SINGAPORE - Singapore Management University (SMU) undergraduates have a new space to call home on campus - the Prinsep Street Residences (PSR).
The 5,000 sq m living facility in the heart of the city has housed 255 students since August, after undergoing a $10 million facelift.
The three blocks of four-storey apartments along Prinsep Street - former Singapore Improvement Trust buildings - used to house mainly foreign students from SMU.
But the university has converted them into an area not just for living but also for learning, with a multi-purpose lounge and rooms for projects, meetings and seminars.
There are 23 apartments, most of which house 10 to 12 students each, and come with a common living room.
About 400 students had applied to stay at the residences, which were officially opened on Thursday (Oct 11) by Ms Denise Phua, Mayor of Central Singapore District.
Residential living and learning is a concept which has taken off among several local universities.
Students who live at PSR are strongly encouraged to take up or initiate projects that will benefit society.
About 70 students have already joined community service projects. Second-year student Esther Chong, 20, is part of a team working on a project to help women on low incomes use skills like sewing to earn through home-based businesses.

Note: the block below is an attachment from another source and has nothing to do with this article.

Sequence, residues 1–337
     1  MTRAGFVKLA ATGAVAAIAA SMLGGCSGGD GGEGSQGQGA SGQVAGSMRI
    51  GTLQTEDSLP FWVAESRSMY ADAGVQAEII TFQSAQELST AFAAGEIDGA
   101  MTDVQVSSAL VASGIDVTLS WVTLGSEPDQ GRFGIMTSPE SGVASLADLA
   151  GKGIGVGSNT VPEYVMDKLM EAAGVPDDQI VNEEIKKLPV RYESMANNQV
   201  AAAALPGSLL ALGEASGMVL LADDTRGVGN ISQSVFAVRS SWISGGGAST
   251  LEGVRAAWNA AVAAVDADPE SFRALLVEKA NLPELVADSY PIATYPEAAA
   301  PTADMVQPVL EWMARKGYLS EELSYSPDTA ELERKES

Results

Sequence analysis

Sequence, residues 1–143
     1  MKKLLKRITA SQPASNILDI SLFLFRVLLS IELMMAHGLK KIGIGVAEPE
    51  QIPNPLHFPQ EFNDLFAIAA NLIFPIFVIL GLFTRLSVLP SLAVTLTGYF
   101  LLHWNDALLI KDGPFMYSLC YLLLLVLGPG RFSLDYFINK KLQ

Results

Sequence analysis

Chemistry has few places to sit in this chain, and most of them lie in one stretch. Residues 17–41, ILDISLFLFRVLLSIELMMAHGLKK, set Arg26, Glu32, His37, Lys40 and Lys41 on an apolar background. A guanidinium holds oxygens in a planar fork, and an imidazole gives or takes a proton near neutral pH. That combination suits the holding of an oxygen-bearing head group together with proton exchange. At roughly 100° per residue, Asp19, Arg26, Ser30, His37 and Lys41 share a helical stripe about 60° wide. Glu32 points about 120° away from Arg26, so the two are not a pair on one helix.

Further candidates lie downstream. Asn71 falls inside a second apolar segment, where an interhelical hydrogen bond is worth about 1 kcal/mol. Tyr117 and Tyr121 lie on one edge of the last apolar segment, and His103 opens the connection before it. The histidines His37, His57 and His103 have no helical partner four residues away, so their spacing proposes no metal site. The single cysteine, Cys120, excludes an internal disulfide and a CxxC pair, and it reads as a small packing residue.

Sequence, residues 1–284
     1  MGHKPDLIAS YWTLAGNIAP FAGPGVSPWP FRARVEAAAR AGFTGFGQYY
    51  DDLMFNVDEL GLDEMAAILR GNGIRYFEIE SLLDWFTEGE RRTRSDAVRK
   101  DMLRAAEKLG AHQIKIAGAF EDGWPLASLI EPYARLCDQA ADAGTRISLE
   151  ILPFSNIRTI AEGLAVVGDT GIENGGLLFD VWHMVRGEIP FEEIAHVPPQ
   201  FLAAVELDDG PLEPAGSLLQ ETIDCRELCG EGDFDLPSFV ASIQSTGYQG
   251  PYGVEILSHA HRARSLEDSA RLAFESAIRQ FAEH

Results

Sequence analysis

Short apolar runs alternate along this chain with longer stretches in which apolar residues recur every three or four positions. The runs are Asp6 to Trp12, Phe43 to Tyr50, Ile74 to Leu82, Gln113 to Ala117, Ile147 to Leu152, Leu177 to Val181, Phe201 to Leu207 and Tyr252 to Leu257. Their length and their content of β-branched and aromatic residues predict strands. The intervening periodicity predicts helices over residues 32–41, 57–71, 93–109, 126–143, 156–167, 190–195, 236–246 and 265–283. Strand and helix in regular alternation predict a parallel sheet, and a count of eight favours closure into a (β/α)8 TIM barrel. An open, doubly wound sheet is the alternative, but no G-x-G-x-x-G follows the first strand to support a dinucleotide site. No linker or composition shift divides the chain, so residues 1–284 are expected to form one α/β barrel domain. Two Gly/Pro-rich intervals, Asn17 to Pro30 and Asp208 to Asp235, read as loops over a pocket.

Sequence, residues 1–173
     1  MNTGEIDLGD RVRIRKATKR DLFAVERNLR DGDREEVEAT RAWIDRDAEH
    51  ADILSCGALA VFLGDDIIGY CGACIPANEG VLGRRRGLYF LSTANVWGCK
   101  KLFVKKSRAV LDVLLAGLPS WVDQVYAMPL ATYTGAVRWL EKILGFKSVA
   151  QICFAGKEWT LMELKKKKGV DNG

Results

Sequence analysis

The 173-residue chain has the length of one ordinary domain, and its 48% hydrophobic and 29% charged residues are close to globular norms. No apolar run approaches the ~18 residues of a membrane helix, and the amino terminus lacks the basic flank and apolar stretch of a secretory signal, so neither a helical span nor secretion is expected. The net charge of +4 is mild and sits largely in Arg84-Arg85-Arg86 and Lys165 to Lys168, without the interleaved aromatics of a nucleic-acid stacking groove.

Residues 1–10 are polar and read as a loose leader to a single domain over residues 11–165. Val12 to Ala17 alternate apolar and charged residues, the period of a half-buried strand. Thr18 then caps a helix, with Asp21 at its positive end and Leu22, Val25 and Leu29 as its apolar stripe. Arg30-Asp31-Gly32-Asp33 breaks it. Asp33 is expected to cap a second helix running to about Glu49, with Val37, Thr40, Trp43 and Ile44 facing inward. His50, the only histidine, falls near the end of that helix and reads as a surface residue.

Students also attend workshops, sharing sessions by industry guests, mentoring and career talks.
Professor Paulin Straughan, dean of students at SMU, said students must learn teamwork, adding: "Real world problems, very seldom, can be solved by an individual."
Students pay rental fees of around $700 to $800 a month, including utility charges, depending on the type of room.
They come from all six SMU schools, with two-thirds being freshmen. Around half the residents are Singaporeans with the rest coming from overseas.
The living fees for 10 of the students have also been sponsored by Frank by OCBC - a financial literacy programme. This is part of the SMU's partnership with the bank, which will also fund students' projects in sustainability.
Third-year student Jessica Lee, 21, said: "I've always heard about hostel life and been curious, so when SMU redid the place and brought in the element of co-learning, I thought why not?"
First-year student Chang Wen Yee, 19, added: "I get to interact with students from five to six nationalities in my apartment. I never knew as a local student, I could get an international experience."